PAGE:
Oversight of labs at hospitals dissected

WASHINGTON — WASHINGTON - Maryland General Hospital whistleblower Kristin Turner testified before a congressional panel yesterday that supervisors in the hospital's laboratory went into near panic preparing for scheduled visits by private surveyors evaluating the lab.

"We knew weeks in advance they were coming," she told the House Government Reform Subcommittee on Criminal Justice, Drug Policy and Human Resources, adding that supervisors ordered employees to tidy up their work areas in preparation for surveyors from the College of American Pathologists (CAP). "It was almost chaos trying to get ready."


Turner testified during the second of two congressional hearings on Maryland General's problems, which led the lab to give more than 450 people HIV and hepatitis C test results despite indications they might be invalid. The problems, which CAP failed to discover during its April 2003 routine inspection, were uncovered by the state after Turner filed a complaint later in the year.

Subsequently, the state's Medicaid fraud unit and the Office of the Inspector General of the federal Health and Human Services Department began investigations.


CAP's failure to discover the problems and the failure of state inspectors to do the same after getting a 2002 complaint from a different laboratory worker, were in the spotlight at yesterday's hearing. At issue in part was whether the nation's system of delegating many such inspections to private organizations such as CAP leads to a lenient, collegial system in which hospital workers have ample time to prepare for inspections and hide problems.

Turner's concerns, echoed by subcommittee member Elijah E. Cummings, a Baltimore Democrat, also were highlighted in a Congressional Research Service report released yesterday. Subcommittee member C.A. Dutch Ruppersberger, a Baltimore County Democrat, requested the report on the nation's laboratory inspection and accreditation process after the first hearing May 18.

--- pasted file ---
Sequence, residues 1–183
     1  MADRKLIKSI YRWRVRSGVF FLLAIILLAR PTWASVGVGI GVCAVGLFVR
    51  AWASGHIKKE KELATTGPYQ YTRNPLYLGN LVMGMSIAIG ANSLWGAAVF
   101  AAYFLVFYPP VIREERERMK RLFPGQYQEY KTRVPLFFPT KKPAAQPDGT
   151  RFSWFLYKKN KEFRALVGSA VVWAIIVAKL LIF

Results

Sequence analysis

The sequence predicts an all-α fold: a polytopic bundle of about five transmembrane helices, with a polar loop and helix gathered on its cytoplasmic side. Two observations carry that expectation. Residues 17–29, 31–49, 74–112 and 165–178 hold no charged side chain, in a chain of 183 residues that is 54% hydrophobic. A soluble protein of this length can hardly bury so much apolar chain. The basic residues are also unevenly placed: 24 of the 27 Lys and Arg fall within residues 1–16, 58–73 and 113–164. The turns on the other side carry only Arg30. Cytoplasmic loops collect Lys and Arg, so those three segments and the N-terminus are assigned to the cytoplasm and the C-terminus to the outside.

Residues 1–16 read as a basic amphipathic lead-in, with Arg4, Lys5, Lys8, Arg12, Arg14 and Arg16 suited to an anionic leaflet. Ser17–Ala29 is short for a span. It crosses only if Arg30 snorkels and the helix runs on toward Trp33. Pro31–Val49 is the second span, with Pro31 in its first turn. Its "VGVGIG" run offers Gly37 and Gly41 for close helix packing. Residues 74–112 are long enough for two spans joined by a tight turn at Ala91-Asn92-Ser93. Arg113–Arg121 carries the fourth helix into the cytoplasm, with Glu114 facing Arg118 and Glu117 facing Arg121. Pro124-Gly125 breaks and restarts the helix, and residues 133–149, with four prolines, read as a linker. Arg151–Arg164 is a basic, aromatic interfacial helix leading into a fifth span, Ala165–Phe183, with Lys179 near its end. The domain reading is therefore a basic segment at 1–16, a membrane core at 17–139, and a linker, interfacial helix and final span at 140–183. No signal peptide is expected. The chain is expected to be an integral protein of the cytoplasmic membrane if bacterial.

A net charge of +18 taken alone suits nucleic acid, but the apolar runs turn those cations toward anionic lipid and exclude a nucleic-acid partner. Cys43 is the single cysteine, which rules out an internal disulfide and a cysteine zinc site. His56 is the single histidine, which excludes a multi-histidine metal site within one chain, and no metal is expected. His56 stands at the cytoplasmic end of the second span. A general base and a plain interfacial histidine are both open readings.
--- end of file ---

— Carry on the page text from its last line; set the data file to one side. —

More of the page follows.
The report said that "most inspectors get only a cursory view of how the process of testing works, with the potential for specific test-related problems to fall through the cracks."

The report also said that inspections most often are announced in advance and allow laboratories time to fix problems "for which they may have otherwise received a citation."

As a representative of the U.S. attorney's office listened, Turner also outlined how a laboratory supervisor had ordered her to override lab results that seemed to pose problems, rather than rerun the tests.

Hospital officials have retested many of the patients and say that the initial lab results turned out to be accurate in virtually all cases. Yesterday, Edmond Notebaert, president of Maryland General's parent institution, the University of Maryland Medical System, said rigorous new oversight and reporting procedures have been put into place at the hospital and throughout the system.

The bulk of the hearing centered on CAP, its effectiveness and its relationship to the state, the federal Centers for Medicare & Medicaid Services and the Joint Commission on the Accreditation of Healthcare Organizations, all of which have responsibility for overseeing hospitals and their labs.

Dr. Mary E. Kass, CAP's president, defended the organization, saying that "any claim that CAP accreditation is not rigorous or objective is not supported by the facts."


Nonetheless, she said, the Maryland General case has prompted CAP to look at changing its procedures nationally.